I learned practical lessons today...check this out

Today I looked at a house that I should not have looked at. That means that I wasted my time. THat means that I learned valuable lessons about how to pre-screen leads. Yes, I learned how to pre-screen leads, but I didn’t understand the motivation it takes directly from the get-go. As a result, I wasted my time, my wife’s time, and my father’s time. Let me explain.

The ad read: “$77,000 Attention bargain shoppers! Sale flipped! Best buy on the market! Priced $35k below appraisal! Needs a little TLC inside & a whole lot of TLC in the backyard! 1560 sqft. 3 bd, 2 ba, Garage w/shop.” (eastern Washington State)

When I talked to the realtor, she down-played the amount of work necessary to sell this house at “appraised” value.

As a result, this is what I have learned looking at my first home as an “investor (haha)” :

  1. Ask about the neighbors - especially when the agent has been to the home. This particular home was in a neigborhood of mobile homes. There was also a storage facility nearby and a trucking business also a railroad which was loud

  2. Tell the agent I’m an investor and I am looking for a home that needs merely cosmetic improvements. If this home needs anything more, I am wasting your (real estate agent’s) time.

  3. Did I mention storage units? Have you ever seen storage units next to nice homes? I even knew they were there before I drove to the home.

  4. Research crime rates with local police if any question as to the degraded “value(s)” of the homes in the area.

  5. Real estate agents will lie about the condition of the home.

  6. When the property is 0.16 acres that means it’s TOO small (in our area).

  7. Missing appliances is bad. Missing trim in entire house is bad (a little thing repo’d people like to do to “rip” off the banks).

  8. If it says “needs a little TLC” that means ignore ad.

  9. Appraisers CAN be wrong. The home was apprasied at $110K. I would have only paid $50K.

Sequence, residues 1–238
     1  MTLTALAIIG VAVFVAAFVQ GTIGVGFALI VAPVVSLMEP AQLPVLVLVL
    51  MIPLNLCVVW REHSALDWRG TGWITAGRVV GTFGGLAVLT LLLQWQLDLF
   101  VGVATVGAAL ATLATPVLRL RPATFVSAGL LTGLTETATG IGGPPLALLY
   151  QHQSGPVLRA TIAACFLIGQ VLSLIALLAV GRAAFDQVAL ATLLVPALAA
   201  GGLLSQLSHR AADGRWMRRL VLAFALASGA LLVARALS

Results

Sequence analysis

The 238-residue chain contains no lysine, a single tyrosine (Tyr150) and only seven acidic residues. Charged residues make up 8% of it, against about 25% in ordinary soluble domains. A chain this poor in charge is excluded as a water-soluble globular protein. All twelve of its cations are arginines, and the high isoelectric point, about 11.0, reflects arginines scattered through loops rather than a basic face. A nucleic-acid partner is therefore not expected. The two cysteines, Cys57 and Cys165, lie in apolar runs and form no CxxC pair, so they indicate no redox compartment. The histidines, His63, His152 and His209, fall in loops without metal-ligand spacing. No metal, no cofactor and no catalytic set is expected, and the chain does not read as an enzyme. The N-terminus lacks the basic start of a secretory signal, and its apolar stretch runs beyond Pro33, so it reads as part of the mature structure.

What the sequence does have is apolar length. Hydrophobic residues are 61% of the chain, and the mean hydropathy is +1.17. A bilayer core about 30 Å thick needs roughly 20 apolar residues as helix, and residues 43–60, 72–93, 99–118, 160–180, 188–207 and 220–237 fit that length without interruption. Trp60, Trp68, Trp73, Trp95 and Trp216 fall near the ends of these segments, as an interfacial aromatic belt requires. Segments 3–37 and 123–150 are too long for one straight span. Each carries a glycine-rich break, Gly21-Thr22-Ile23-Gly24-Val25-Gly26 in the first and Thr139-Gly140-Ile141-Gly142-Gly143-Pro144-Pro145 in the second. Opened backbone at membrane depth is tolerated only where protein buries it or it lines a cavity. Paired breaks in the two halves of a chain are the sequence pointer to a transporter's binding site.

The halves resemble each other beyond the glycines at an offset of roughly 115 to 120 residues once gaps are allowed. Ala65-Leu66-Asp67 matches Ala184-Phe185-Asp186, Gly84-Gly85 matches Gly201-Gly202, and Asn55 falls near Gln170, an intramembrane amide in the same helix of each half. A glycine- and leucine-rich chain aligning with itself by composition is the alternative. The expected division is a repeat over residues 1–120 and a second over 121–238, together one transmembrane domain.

10. Can probably trust the assessor for value of neighborhood (in this case it was $78,000 for just about anything - new or old in the area.)

I learned many valuable lessons today. If I am wrong on any of these PLEASE let me know. I would hate to have a false analysis. THank-you.

Pre-screening is the most important part of finding good deals. BUT you can’t get all the info and all CORRECT info over the phone, you will always have to drive the area and drive the comps.
But on the prequal get to the bottom line ask quick as possible.
Q’s for realtors:

  1. I am interested in the house on suchandsuch street, I can pay cash and close quick, but I need a little info. Is that okay?
    Realtor is gonna say yes, its their damn job.
  2. alright, give me the run down of the condition of the house, I like them really beat up so the worse the better?
  3. okay, what is the worst case senario of repair costs to bring this house to excellent condition?
  4. do you know what this house would sell for in excellent condition?
    —make sure you get these numbers out of their mouth, say “well I’m not gonna hold you to the figures i just need a feel” or “just go by the seat of the pants, it no big deal” or something like that just get the numbers
  5. Ask the realtor to hold on for one second then use the formula- their estimate ARV times 65% minus their estimate repair cost=offer price
  6. once you get the number say “alright if your figures are correct, I can pay cash and close quick at suchandsuch price, would that be something your seller can work with?”
    Remind this this is just a ball park figure, and that you have to verify the numbers.

If they say yes get out there, estimate repairs and after-repair value, use the formula and submit the offer.
If they say no the seller has already turned down suchandsuch offer, ask if you can call back once a month to double check and resubmit your offer, then put a yellow sticky note with offer price and offer date, file it for that months rejected follow-up offers and hit it next month.

p.S.- areas sell at a discount or premium to the taxed assessed value, learn which areas sell at a discount/premium and you can get a quick feel for the appraised value. This is not a hardandfast rule, just a quickie pointer.

Damn that was a long message for me to type, but I hope it helps :wink:

These seem like good pointers.